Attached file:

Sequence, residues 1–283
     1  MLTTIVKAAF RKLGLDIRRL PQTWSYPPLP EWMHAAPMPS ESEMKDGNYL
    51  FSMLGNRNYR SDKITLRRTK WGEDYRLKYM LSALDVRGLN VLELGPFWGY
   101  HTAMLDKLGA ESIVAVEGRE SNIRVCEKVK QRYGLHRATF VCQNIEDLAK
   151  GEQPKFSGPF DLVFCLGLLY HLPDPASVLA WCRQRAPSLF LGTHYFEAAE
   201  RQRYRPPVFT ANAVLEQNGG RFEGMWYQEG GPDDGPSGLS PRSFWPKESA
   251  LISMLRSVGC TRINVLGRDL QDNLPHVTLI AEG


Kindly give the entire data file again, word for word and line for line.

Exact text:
Sequence, residues 1–283
     1  MLTTIVKAAF RKLGLDIRRL PQTWSYPPLP EWMHAAPMPS ESEMKDGNYL
    51  FSMLGNRNYR SDKITLRRTK WGEDYRLKYM LSALDVRGLN VLELGPFWGY
   101  HTAMLDKLGA ESIVAVEGRE SNIRVCEKVK QRYGLHRATF VCQNIEDLAK
   151  GEQPKFSGPF DLVFCLGLLY HLPDPASVLA WCRQRAPSLF LGTHYFEAAE
   201  RQRYRPPVFT ANAVLEQNGG RFEGMWYQEG GPDDGPSGLS PRSFWPKESA
   251  LISMLRSVGC TRINVLGRDL QDNLPHVTLI AEG